A patient with a ventricular paced rhythm and chest pain

One of my residents who just graduated saw this patient and sent the case:

This 80-something patient presented with chest pain.  He had recently had a pacer placed for complete heart block and had not had an angiogram at that time.  Ischemia had not been suspected.

He had this ECG recorded:
There is sinus rhythm.  There is clearly a DDD pacer that detects the sinus activity and then paces the ventricle (necessary when there is complete AV block).  The pacing is in the right ventricle (all QRS negative in V1-V6, showing that the lead is in the apex of the RV).
There is some concordant ST elevation in aVL (but not 1 mm).  

There is reciprocal ST depression in II, III, aVF.
There is discordant ST elevation [opposite to a negative QRS (i.e. S-wave)] in V1-V5.
The cardiologist interpretation was "concerning for ischemia."
Is it excessively discordant ST elevation?
In V1, the J-point is 4 mm above the PQ Junction and the S-wave is 14 mm:

The ratio is 28%

We do not know for certain what excessive is in paced rhythm.

The Smith-modified Sgarbossa criteria were derived and validated in Left Bundle Branch Block, which is similar to, but not the same as, ventricular paced rhythm.  For LBBB, an ST/S ratio greater than 25% is very specific and sensitive for acute coronary occlusion. 

Can we apply the rule to paced rhythm?

I don't know for sure, but I do it and we are in the middle of a large multi-center study to try to figure it out.

Here it isPaced Electrocardiogram Requiring Fast Emergent Coronary Therapy (PERFECT) Study.   https://clinicaltrials.gov/ct2/show/NCT02765477

Importantly, 50% of physicians who care for patients with chest pain believe that you cannot diagnose STEMI in the presence of paced rhythm. This is definitely not true and an old teaching that should be thrown away.

The emergency physician activated the cath lab.  He writes that "Cardiologist thought you could not see the ischemic changes on paced ECG."

In the meantime, an old ECG was found:
The change is obvious and makes the first ECG diagnostic.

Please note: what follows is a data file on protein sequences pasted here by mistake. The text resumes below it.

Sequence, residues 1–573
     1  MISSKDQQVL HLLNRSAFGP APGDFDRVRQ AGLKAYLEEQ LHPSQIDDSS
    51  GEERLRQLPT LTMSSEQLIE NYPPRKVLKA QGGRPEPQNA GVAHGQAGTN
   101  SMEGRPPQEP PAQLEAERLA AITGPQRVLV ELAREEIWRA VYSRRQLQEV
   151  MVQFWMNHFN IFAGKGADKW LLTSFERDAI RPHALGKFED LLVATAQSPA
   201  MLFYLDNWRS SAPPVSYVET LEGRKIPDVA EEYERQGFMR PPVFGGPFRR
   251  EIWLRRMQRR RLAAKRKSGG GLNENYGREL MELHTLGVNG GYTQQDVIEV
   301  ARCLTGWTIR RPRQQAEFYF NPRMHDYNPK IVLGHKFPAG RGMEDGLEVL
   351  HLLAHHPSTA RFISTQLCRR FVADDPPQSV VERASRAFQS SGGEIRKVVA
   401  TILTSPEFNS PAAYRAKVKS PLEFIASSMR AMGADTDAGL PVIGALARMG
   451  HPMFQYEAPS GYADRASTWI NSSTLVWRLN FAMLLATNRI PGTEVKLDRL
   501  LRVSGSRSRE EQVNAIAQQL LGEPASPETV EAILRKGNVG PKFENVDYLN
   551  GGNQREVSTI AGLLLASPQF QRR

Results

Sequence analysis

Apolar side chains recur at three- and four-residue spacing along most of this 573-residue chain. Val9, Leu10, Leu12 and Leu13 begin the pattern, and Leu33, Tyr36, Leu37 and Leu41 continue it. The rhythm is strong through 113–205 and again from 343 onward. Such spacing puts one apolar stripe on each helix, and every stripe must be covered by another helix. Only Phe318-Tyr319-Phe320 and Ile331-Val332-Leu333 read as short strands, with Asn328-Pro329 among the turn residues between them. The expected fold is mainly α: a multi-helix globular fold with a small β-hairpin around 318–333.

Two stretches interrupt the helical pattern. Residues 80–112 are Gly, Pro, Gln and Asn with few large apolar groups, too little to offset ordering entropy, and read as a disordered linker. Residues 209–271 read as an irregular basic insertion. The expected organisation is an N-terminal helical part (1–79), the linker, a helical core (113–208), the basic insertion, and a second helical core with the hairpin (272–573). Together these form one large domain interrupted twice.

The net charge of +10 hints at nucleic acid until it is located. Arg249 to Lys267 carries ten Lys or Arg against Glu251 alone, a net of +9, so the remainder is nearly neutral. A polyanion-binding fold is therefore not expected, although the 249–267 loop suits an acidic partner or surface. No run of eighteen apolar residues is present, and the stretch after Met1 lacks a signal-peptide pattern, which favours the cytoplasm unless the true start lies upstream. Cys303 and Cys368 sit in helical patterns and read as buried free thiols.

The discordant ST elevation in V1-V3 in this old ECG is proportional.
The patient had an acute 100% LAD occlusion.

Smith EKG lectures next year (2017)…..Schedule

I will be speaking at these conferences next year:

1.  Oregon ACEP's 2017 Annual Conference in SunRiver will be January 28th- February 1st.  https://oregonacep.org/

2. Rocky Mountain Winter Conference on Emergency Medicine:  Please Join Us at the 2017 Rocky Mountain Winter Conference at the Copper Mountain Resort, February 25 to March 1, 2017

3. EM conference in Boise, ID.  June 22, 2017.  Details to be announced.

4. DasSMACC (invited, not yet confirmed): Berlin, Germany, EKG workshop half day.  June 26, 2017.  Social Media and Critical Care.

5. 2017 Controversies and Consensus in Emergency Medicine, September 20-21, Northampton, MA

Non-Vagal Syncope and Saddleback Morphology in V2

This is another case provided by Mustafa Alwan, an internist from Jordan and very talented ECG enthusiast.  He posted it on Facebook EKG Club, and I am reposting with his permission.

This is a 26 year old male who presented after having had 2 episodes of syncope in 1 day.  Both episodes started with palpitations, then dizziness.  He had no family history of sudden death.    

Vital signs: normal 

Initial ECG :
This is suggestive of Type 2 Brugada morphology because of the Saddleback in lead V2
At first glance, the beta angle looks wide.
See this post for a review of Type 2 Brugada.
The method is to draw a line from the peak of the R'-wave down along the downslope of the R'-wave, as shown.  At a point which is 5 mm below the peak, you draw a line across and if the distance to the S-wave is greater than 3.5 mm, it is a wide beta angle.   This is equivalent to a 35 degree angle, or 0.61 radians (calculated as the inverse tangent of 3.5/5, or 0.7).

Dr. Ken Grauer, the ECG master who runs this site: http://ecg-interpretation.blogspot.com/, measured the beta angle here: 

So the beta angle is not wide enough to meet type 2 Brugada morphology criteria

For those wanting more — go to minute 21:19 in Ken's ECG Video on Brugada Syndrome. Here is the link to this specific point in the video — https://youtu.be/h1MhtLMF-7M?t=21m19s 

Type 2 Brugada morphology (in contrast to syndrome) is really quite common, and if you rely on the morphology alone, without the other criteria for syndrome (see below), you will have a lot of false positives.

Diagnosis of Brugada Syndrome requires both:

1. Brugada pattern ECG (either Brugada Type 1, or the newly defined Brugada Type 2 morphology)
Findings may be dynamic and are sometimes concealed; findings may be observed only in certain circumstances such as fever, intoxication, electrolyte imbalance, presence of sodium channel medications/drugs, or vagal stimulation.
2. At least one of the following:
(a) survivor of cardiac arrest,